LONG BRANCH – Results from the most recent census shows more than 12 million Americans are between the ages of 75 and 94. With an estimated 77 million baby boomers in the midst of turning 65, and fully reaching that age by 2030, the need for geriatric care continues to grow.Monmouth Medical Center, a Barnabas Health Facility, recently held a geriatric continuing education program for medical professionals on meeting the complex challenges of caring for the elderly. Topics covered during the program included: transitions in care for the frail elderly; the three most prevalent diagnoses in the elderly – delirium, dementia and depression; the geriatric patient assessment; differences in geriatrics from a pharmacology standpoint; and palliative care in the frail and elderly.Attendees of the workshop heard from a panel of experts, including Joan Wills, R.N., M.P.A, transitions in care coordinator; Dr. Priya Angi, a geriatrician; Angela Soldivieri, a nurse practitioner in geriatrics; Michelle Schork, Pharm.D., geriatrics; and Dr. Jessica Israel, section chief geriatrics, pain and palliative care.(left to right): Michelle Schork, Pharm.D., geriatrics; Priya Angi, M.D, geriatrician; Jessica Israel, M.D., section chief, Pain and Palliative Care; Angela Soldivieri, A.P.N., nurse practitioner, geriatrics and Joan Wills, R.N., M.P.A, transitions in care coordinator.Monmouth Medical Center recently introduced a dedicated geriatric emergency medicine (GEM) unit to better meet the complex needs of these patients. Older patients typically have more complex medical conditions, stay longer in emergency departments for more extensive testing and treatment regimens and are more likely to be admitted and to require critical care.Vulnerable patients, age 65 years and older, with dementia and other chronic conditions can benefit from a new and innovative Transitions Program at Monmouth Medical Center. Funded through a Robert Wood Johnson Foundation grant, the Barnabas Health Transitions Program for the Comprehensive Care of the Frail Elderly with Dementia screens eligible patients to implement the core components of the program, which include patient and caregiver education, prescription reconciliation and education, development of a detailed, patient-specific My Care Plan, and follow-up care and home visits.Additional information on the GEM Unit, Transitions Program and other geriatric services are available by visiting the Monmouth Medical Center website at www.barnabashealth.org/hospitals/monmouth_medical/services/geriatric_emergency_specialneeds.html.
TINTON FALLS – A new generation of civic-minded young women got to spend a day last week with political veterans who want to show them how to start making an impact in the world.The event at Monmouth Regional High School was sponsored by the 12th annual Running and Winning conference sponsored by the American Association of University Women (AAUW) of Northern Monmouth County, the Junior League of Monmouth County, the Greater Red Bank League of Women Voters of New Jersey and the Red Bank Chapter of Hadassah.“Women are 51 percent of the population and their voices should be heard where decisions are made,” said Marian Wattenbarger of the AAUW, at the day-long, nonpartisan event that brought together about 60 female students from nine area high schools and female legislators and policy makers from the Two River area. “And I would say the events in the last few years have clearly raised interest.” By Jay Cook | The conference zeroed in on educating young women about their meaningful voices and how they can make differences in their communities, said Linda Bricker, a member of the Junior League of Monmouth County.“To really affect change, sometimes you need to reach a point of becoming elected to a position to change laws,” she said. The best way to educate the younger generation, Wattenbarger found, has been to create a pipeline with current legislators, showcasing how women can be successful in politics.About 15 different female elected and appointed officials took turns meeting with the small groups of students during the morning session. The conversations ranged from issues in their towns or districts to their specific roads to elected office.Assemblywoman Serena DiMaso (R-13) took one of those unique paths. After moving to Holmdel in the early 1990s, she joined her local parent-teacher association and volunteered to be what she called “the cupcake lady.” She eventually worked her way up to the Holmdel Township Committee, then the Monmouth County Board of Chosen Freeholders and most recently, the State Assembly. Wattenbarger and other members from the Running and Winning steering committee admitted they were expecting a trend, especially considering the Parkland, Florida school shooting on Feb. 14 and the 19th anniversary of the Columbine High School Shooting the day after the conference on April 20.“This is a time in which there is clearly polarization in the country,” said Wattenbarger, “but we come together and are all committed to helping women find their voices.”Women legislators from the Two River area spoke with high school students about their paths to elected office. Some of the officials who attended were, from left to right, Fair Haven Councilwoman Susan Sorensen, Hazlet Deputy Mayor Sue Kiley, Monmouth County Surrogate Rosemarie Peters and Atlantic Highlands Mayor Rhonda Le Grice. Photo by Jay CookNEW JERSEY AND WOMEN LEGISLATORSNew Jersey has been one of the more progressive states for women involvement in politics over the last decade. Data from the Center for American Women and Politics at Rutgers University indicates the Garden State ranked 16th for the most female legislators at the state level: 29.2 percent of the state Legislature and Assembly is female.Both of New Jersey’s first two lieutenant governors are women – Kim Guadagno and Sheila Oliver – and female officials comprise a third of Gov. Phil Murphy’s 24-member cabinet. Additionally, 82 of the 566 municipalities in New Jersey, or 14.5 percent, are led by female mayors.While figures may be increasing compared to years past, many involved in the Running and Winning steering committee hope more women in Monmouth County step up.“We are intelligent, compassionate, organized and innovative,” said Sue Flynn, also of the Junior League of Monmouth County. “Having more women in leadership positions can only make our country and the world a better place.” “They need to have a role model, somebody that has been there, done that, and is honest with them,” DiMaso said of her message to the young girls. “It’s not always easy. There are days the laundry doesn’t always get done or your dinner’s later than it should be and it’s OK. You’ll come out on the other end.”Involvement in the community is key, stressed Red Bank Borough Councilwoman Kathy Horgan. The longtime Democrat jumped right into volunteer work after moving there in 1999 and has not looked back.Horgan, the only female on Red Bank’s governing body, believes more women should take a chance and get involved in public policy.“What I want women to know is that they can make a difference,” said Horgan. “I know, that sounds trite, but it’s true. Women are nurturing, more willing to compromise and listen.”This article was first published in the April 26 – May 3, 2018 print edition of The Two River Times. High School Girls Encouraged To Consider Politics | And those young women got a taste of the action. After meeting female councilmembers, mayors and state assemblywomen, the girls broke off into 14 smaller groups to discuss changing specific policy important to them.They were tasked with petitioning a mock school board about an ongoing, concerning issue. The possible choices were about mental health issues in school, school safety, environmental issues and increasing inclusivity.The one topic that garnered the most attention – considering current national events – was mental health awareness in students. Eight groups focused on that issue.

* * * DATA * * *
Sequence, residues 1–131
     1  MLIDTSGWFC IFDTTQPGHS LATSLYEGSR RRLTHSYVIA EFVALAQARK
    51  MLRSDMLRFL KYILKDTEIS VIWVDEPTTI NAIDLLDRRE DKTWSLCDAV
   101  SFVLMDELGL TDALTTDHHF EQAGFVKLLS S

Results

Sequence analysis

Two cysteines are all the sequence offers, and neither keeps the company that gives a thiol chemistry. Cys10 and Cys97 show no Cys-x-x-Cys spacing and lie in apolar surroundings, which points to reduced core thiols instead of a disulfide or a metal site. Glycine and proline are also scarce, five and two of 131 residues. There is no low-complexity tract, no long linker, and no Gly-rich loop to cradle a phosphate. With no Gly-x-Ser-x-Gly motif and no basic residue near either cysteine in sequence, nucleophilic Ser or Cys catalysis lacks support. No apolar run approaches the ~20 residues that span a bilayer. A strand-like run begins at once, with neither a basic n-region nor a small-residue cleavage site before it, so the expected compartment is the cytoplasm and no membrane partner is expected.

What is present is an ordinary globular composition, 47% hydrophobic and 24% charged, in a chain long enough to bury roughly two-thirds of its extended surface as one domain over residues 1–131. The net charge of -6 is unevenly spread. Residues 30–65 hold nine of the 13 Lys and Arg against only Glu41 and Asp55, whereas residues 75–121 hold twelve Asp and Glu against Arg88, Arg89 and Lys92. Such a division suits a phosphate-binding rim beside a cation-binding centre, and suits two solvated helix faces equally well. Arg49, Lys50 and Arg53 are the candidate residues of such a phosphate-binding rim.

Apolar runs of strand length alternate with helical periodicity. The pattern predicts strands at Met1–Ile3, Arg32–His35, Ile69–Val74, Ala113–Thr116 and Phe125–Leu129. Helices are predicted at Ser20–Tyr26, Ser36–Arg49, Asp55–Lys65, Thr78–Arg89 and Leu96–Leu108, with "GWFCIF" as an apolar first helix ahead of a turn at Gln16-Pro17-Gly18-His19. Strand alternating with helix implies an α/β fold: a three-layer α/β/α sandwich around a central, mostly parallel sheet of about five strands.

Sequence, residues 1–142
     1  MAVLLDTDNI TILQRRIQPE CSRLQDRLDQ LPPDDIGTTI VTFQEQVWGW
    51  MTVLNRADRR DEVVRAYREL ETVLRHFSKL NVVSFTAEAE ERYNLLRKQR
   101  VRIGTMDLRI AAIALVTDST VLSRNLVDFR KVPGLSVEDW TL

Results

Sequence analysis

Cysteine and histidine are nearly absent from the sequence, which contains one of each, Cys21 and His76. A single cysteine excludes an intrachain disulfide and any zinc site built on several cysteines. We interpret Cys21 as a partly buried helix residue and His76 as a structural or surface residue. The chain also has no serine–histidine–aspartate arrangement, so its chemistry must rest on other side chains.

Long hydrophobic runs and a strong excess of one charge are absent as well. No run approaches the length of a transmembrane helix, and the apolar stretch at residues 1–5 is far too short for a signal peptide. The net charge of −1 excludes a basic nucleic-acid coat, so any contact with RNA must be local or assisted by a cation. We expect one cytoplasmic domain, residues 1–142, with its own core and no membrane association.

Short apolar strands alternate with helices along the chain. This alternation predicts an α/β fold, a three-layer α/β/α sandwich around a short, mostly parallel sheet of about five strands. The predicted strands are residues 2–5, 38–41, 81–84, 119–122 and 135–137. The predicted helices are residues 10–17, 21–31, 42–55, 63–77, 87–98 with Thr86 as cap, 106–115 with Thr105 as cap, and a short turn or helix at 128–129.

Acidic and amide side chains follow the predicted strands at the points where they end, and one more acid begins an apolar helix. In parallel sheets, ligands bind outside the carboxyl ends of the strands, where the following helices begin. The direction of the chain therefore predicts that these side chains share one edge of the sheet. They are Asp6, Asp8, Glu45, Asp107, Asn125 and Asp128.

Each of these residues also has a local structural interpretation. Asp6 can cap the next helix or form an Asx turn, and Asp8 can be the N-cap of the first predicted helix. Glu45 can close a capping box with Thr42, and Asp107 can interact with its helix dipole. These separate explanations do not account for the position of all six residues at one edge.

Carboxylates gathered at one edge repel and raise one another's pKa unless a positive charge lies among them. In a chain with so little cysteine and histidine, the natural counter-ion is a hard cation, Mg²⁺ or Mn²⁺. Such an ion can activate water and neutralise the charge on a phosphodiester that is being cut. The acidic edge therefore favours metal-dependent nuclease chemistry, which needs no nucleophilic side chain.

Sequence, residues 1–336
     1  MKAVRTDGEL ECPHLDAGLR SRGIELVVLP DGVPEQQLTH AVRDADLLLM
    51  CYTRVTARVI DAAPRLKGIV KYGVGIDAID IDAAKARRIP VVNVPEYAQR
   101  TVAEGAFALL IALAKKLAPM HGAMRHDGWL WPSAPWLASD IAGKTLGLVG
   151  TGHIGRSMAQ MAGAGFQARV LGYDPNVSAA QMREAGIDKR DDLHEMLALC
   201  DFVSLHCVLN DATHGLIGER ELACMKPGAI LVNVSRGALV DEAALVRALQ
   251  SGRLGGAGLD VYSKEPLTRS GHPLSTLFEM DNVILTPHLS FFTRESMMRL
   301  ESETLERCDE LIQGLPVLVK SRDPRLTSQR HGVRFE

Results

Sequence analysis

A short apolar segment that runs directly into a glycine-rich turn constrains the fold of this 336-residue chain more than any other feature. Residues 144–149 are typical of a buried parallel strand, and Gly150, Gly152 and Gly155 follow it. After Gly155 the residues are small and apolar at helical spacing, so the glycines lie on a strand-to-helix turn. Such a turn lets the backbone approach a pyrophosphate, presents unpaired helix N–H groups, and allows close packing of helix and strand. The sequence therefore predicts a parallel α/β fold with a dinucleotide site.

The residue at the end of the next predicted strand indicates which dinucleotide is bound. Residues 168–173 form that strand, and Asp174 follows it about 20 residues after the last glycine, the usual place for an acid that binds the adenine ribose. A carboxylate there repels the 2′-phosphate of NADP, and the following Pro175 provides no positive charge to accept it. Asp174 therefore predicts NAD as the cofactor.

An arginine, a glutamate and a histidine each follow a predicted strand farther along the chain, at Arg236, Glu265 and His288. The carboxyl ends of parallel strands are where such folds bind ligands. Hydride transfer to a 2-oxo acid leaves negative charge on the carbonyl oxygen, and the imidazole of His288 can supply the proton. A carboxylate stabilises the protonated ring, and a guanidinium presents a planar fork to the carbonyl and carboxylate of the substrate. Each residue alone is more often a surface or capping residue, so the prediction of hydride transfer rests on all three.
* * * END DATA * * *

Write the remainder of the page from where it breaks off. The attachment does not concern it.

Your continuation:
Nelson captured the Rossland Mini title for the second time in 30 years.“You know you have performed well as a club when you take home the Team Trophy,” Stewart said.“It’s an achievement all the girls can share in and something the club can show off for a year,” adds Christine Defouw, Nelson’s competition chair.With Rossland in the rear view, the club is looking ahead to the Regional Qualifying Competition in Beaver Valley on January 22-23. Performances at the Regional event will determine the top four skaters in each category to represent this region at the Pacific StarSkate Championships in Cranbrook from March 4-6.Defouw is excited that the season’s culminating event is being hosted so close to home.“It’s a big opportunity. The fact it’s taking place in the Kootenays makes it much more affordable for skaters from our region to attend.”Simpler logistics means coaches and parents can focus on honing routines, deepening confidence and reminding the skaters to enjoy the experience.With the competition season drawing to a close in March the club is starting to focus on its end of season Ice Gala to be held in Nelson in late February. Shaen Panko-Dool and Morgan Sabo topped the medal count to lead Nelson to the overall title at the Rossland Mini Figure Skating Competition Saturday in the Golden City.The Rossland Mini event is the first competition of the New Year for the Nelson skaters.”Our skaters did very well,” said a smiling Nelson Figure Skating head coach Rachel Stewart. “They displayed confidence on the ice, which is a reflection of the hard work and preparation they have invested.”Panko-Dool and Sabo led the club with two gold medals and a silver each. The two skaters, along with fellow club members Charly Defouw and Soleil Babcock, dominated Preliminary Dance winning gold and silver respectively, all the more impressive for being their first year competing in that category.Other gold medals were awarded to Christina Champlin in Junior Bronze Skills, Sophie Borhi for Preliminary Freeskate (10 and under), and Erica Tolles in Junior Bronze Freeskate (13 and over).